WORK FROM HOME CHALLENGES AND SOLUTIONS
One thing that’s very important for every organization should be. Just don’t get hacked.
As you know, organizations around the world have had to force their entire workforce to work from home. No warning, no planning time, nothing! With so many unanswered questions – do we need to implement new services? Is an extension of existing systems good enough?. In simpler terms, this would be a prime example of are you sinking or swimming?.
However, as most organizations will be fixated on ensuring the work can be done they are forgetting the most important challenge – not being known for data breach or security incident that might trigger customer trust issues.
Well, it all starts with the loss of all the security protections you once had within the walls of your protected castle, I mean office/datacentres due to users not being on the VPN (so the policy set by the company does not apply). And just to clarify that by protection I mean firewalls, anti-virus, blacklisted IP addresses and endpoint protection and well without these you become defenseless against the cybercriminals.
So now that all workers are remote and will be spending most of their time online, be this on their corporate laptop or their own devices (mobile/tablets/laptops), anything on the internet has the possibility of being compromised. This could be compromisation due to the poor security awareness of the user or usage of the misconfigured software or system.
Of course, you have the given problem on whether to allow users to use their own personal devices for work purposes, in other words, Bring Your Own Device aka ‘BYOD’. This option is provided by cloud services such as IBM, MobileIron, etc. which are used by organizations to allow workers to use their own devices. However, there will always be the risk of these devices possibly having less protection compared to corporate devices – hence it is not recommended to allow these systems to connect directly to the infrastructure.
You will also have the concern of users connecting to the organization’s network through a free open Wi-Fi. What is the problem here you ask? There are a few actually;
•Risk of using a rouge WIFI network,
•Man In the Middle (MiTM) attacks
•Distribution of malware over unsecured WIFI,
•Snooping and sniffing,
•Malicious certificate installation execution of malicious software on the device
Now ask yourself is it worth it?
The most common and simplest way to expose yourself to any vulnerability from cyber threats is via a weak password, which, if cracked by a cyber-criminal would
lead to loss of sensitive information and/or access to other apps. Now a question to ask yourself: Do you use the same password for all your different application logins? Let me guess your answer was “yes”. Well in your case “you are the weakest link”.
A more sophisticated way of acquiring a user’s credentials would be through phishing. As you know hackers are not bound to time limits – hence they follow the “net-based fish hunting” rather than “fishing for single fish”. In cyber it is called phishing – an issue that has always been there and has taken troll due to the current situation. Unfortunately due to fear and desperateness of either worker wanting to know more, or simply scared in the current situation, the use of faux emails has successfully bagged cyber criminal’s user credentials and successful downloads of malicious attachments containing a key logger. Now let us get more technical, one of the techniques used by cybercriminals is Cybersquatting. For those of you who don’t know what this means, it is the practice of registering as Internet domains identical or similar to any targeted company name, with bad intent or in easier terms when the human eye doesn’t realize what has gone on. Well, guess what this is happening a lot in this period of time. An example of this would be receiving an email from your bank which is called SunTrust but receiving the mail from @suntust.com. Because of the eagerness to know more, most people would not realize that in fact, the email address is not legitimate. An example of this has been shown in Figure 1 below.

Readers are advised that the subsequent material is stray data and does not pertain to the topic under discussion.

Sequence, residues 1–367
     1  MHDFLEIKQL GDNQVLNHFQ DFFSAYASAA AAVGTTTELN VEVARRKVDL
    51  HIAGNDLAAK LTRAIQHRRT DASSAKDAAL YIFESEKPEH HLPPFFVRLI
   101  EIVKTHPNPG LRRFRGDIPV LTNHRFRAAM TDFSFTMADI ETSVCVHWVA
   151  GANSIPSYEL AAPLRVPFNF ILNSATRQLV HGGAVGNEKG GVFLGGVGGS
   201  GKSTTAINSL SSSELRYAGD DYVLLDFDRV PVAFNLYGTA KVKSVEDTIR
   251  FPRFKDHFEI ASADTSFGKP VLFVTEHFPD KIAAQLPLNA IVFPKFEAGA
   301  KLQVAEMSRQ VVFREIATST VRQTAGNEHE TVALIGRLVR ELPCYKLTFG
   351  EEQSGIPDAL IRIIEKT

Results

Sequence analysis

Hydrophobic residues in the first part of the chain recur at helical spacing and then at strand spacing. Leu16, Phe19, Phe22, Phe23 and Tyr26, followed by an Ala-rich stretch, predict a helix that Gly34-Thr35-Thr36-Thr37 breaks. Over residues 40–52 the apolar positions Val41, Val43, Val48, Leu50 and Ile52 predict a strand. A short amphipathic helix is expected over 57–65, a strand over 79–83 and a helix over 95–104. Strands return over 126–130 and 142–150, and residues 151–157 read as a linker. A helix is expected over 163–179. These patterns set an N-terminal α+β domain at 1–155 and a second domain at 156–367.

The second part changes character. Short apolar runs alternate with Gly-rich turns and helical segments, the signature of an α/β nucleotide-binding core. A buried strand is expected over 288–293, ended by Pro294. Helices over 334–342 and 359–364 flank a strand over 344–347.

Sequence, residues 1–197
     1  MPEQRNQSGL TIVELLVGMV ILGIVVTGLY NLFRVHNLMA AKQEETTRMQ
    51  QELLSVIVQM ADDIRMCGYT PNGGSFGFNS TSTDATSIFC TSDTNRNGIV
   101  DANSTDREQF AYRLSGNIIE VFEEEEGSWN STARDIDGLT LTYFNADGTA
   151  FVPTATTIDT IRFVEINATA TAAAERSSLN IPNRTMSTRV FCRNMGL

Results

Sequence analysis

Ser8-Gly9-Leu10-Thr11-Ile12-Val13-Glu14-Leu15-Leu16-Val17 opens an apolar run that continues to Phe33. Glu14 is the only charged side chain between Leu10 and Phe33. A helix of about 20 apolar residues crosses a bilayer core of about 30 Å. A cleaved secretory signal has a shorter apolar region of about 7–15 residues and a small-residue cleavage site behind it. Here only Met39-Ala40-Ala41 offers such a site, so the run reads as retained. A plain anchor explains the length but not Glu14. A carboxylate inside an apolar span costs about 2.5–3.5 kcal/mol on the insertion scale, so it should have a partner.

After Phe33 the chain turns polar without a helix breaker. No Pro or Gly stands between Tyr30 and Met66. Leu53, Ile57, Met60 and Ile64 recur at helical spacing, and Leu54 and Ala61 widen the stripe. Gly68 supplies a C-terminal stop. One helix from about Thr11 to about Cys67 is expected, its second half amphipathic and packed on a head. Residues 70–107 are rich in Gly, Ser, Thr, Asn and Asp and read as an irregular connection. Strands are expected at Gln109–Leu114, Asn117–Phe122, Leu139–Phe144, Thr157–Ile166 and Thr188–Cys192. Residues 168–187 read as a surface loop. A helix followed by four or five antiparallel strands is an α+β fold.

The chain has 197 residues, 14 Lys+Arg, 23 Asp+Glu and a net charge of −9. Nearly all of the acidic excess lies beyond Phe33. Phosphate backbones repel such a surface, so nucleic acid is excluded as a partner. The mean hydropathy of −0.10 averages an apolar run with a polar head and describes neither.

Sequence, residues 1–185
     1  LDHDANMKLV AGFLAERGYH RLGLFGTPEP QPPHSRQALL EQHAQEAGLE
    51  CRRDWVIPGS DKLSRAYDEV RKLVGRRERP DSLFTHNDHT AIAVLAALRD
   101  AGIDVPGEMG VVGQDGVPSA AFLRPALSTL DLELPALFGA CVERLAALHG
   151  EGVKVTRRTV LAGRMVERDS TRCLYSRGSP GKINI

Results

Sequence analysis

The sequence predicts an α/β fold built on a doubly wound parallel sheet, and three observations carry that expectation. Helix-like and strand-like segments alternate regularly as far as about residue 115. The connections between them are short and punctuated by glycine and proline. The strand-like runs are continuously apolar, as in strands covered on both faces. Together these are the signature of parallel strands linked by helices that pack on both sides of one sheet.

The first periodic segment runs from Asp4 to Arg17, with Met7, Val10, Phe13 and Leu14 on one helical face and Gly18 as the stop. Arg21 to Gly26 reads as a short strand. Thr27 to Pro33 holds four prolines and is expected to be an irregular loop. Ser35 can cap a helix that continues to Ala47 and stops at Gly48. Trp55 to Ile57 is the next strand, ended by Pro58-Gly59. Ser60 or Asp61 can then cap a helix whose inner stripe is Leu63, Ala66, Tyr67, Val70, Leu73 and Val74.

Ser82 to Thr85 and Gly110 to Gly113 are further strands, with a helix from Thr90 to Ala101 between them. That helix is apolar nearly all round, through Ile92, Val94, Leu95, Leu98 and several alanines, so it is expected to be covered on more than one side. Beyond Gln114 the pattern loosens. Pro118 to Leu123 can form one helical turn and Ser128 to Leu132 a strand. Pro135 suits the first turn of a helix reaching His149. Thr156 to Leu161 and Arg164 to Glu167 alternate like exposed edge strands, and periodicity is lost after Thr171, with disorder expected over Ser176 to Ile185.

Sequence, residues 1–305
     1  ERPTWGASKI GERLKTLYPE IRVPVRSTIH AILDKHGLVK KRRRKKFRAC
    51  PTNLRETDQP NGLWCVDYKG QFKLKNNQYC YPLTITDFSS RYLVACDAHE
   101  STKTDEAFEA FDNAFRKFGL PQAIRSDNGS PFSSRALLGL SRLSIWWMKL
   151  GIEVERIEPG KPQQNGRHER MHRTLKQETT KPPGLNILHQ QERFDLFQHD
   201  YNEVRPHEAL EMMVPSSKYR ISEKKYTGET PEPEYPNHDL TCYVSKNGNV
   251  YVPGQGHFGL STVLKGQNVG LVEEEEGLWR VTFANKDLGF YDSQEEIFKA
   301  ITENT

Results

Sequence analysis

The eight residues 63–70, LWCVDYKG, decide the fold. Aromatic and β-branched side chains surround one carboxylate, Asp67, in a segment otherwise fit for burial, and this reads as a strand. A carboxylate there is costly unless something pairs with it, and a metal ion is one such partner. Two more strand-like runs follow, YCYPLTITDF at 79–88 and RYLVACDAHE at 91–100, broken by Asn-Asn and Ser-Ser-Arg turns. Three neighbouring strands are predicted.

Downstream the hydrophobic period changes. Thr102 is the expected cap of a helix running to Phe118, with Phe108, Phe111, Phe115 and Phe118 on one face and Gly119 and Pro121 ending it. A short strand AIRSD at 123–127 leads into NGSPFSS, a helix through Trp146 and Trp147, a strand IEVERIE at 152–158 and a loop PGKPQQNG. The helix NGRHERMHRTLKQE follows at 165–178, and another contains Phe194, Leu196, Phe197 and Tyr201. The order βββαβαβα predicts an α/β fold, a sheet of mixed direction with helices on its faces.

Recommended Actions –What should you do, do you ask? Well here are some for starters:
The use of a corporate laptop is vital as not only will it give the IT team oversight of the organization’s IT infrastructure but it allows for monitoring of any malicious activities, such as malware and unauthorized activities. This would also require that users use and do not defer from any updates sent by the IT teams.
Ensure training is provided for staff on how to identify phishing emails and the importance of raising an email if it identifies as being a phishing email.
Policies and procedures should be set up for reporting threats to IT security teams and instructions should be given to employees on the correct course of action if they believe they have fallen for a scam.
As you cannot just rely on the human factor it would be just as important to ensure email security controls are implemented to block phishing attacks and detect and quarantine malware threats.
To ensure the prevention of access to high-risk websites and blocking of risky file types.
Ensure employees are to connect to the corporate network using secure wireless.
Ensure that at least two-factor authentication (password and SMS) or Multi-Factor Authentication is enabled and that user’s credentials are different from ones they use for other applications.
If the organization for whatever reason needs to allow non-managed devices (users own device) to connect to the corporate VPN/Infrastructure, ensure there are minimum policy requirements that are met:
•The device must have Anti-virus
•Latest operating systems are running with relevant security patches
•That the devices are not jailbroken.
By Najwa Bouchab, Offensive Security Analyst